February Rain, But the Drought Deepens

The San Francisco Bay Area finally got more rain in February, but our drought deepened.

The next chart shows monthly rainfall for my home town near San Francisco, California. The measured rainfall for the month is shown in red; the normal monthly rainfall (average across many years) is shown in blue. The good news is that with two storms last week, we received 2.76 inches of rain in February, much more than any month since January 2013, and nearly as much as the total rainfall in the 13 months from January 2013 through January 2014!

February Rainfall Below Normal
February Rainfall Up But Below Normal

But the bad news is:

  • The actual rainfall (red bar) is lower than the normal rainfall (blue bar) for February, so the 2.76 inches in February was still below normal
  • With the blue bars (normal rainfall) declining after February, we expect less rain in the coming months, limiting chances for rainfall to catch up in the spring before we enter the six-month dry period of our Mediterranean summer. The window for rain is starting to close.
  • Our cumulative rainfall from January 2013 is shown below — our cumulative rainfall is 26% of normal. Therefore, the soil and plants are much drier than normal as rainfall tapers toward summer, increasing stress on plants and wildlife, particularly as the rivers and streams in the valley dry up.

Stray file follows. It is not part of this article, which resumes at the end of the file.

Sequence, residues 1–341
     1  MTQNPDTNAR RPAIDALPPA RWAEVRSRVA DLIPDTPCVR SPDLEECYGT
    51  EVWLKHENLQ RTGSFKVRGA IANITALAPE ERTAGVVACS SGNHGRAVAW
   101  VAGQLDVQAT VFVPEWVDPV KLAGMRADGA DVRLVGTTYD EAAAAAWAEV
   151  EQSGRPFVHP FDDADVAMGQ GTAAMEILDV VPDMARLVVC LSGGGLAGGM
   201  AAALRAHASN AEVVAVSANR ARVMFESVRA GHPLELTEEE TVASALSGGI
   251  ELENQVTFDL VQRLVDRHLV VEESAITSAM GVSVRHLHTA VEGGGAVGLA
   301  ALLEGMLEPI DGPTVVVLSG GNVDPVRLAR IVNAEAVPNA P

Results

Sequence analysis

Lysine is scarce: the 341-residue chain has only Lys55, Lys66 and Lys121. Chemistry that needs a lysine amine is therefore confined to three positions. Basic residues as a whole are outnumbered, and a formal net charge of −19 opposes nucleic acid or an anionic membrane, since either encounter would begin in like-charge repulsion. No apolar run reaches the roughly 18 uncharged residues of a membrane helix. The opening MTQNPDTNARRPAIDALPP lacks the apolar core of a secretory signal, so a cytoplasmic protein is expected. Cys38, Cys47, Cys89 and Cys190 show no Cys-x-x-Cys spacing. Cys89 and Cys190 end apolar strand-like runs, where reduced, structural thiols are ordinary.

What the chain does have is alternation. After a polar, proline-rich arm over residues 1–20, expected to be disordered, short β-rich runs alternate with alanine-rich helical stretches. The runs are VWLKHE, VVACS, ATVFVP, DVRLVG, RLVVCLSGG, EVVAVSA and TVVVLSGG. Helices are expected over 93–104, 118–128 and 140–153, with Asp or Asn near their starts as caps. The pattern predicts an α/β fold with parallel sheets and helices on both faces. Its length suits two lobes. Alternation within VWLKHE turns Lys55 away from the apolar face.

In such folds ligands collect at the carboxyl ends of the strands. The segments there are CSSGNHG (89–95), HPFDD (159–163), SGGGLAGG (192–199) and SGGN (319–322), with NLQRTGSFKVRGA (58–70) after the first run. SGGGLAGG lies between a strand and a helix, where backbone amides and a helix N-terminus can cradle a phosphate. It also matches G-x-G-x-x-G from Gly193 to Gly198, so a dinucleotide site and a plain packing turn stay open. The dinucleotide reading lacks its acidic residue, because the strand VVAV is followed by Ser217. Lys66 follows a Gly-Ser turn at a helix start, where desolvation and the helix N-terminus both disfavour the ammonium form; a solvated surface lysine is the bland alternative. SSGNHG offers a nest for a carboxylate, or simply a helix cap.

Los Altos Rainfall Continues to Fall Behind Average
Los Altos Rainfall Still Far Below Normal

Looking at the purple line below, our low temperatures continued well above normal in February. Plants with early blossoms and buds weren’t punished by killing frosts, but the higher temperatures might increase their need for water.

February Low Temperatures Above Normal
February Low Temperatures Above Normal

Our valley depends on water delivered from the rest of the state, and we’ve been told that deliveries will be curtailed. We’ll have to see how well water conservation mitigates the impact of reduced water deliveries. The local water district that distributes water from outside the valley has established mandatory reductions of 20% of our water usage. Conservation measures must be implemented by municipalities and local water suppliers, and there may be some lead time before these reduce water use. The longer it takes for water conservation measures to be put in place and take effect, the more drastic the water conservation measures that will be required.

During the 1976-1977 drought, we couldn’t water our lawns. The current drought is worse, but our water supply is better now. We’ll see how it goes.

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Published by

charley280

I enjoy travel, art, food, photography, nature, California native plants, history, and yoga. I am a retired software engineer. The gravatar is a Nuttall's woodpecker that visited our backyard.

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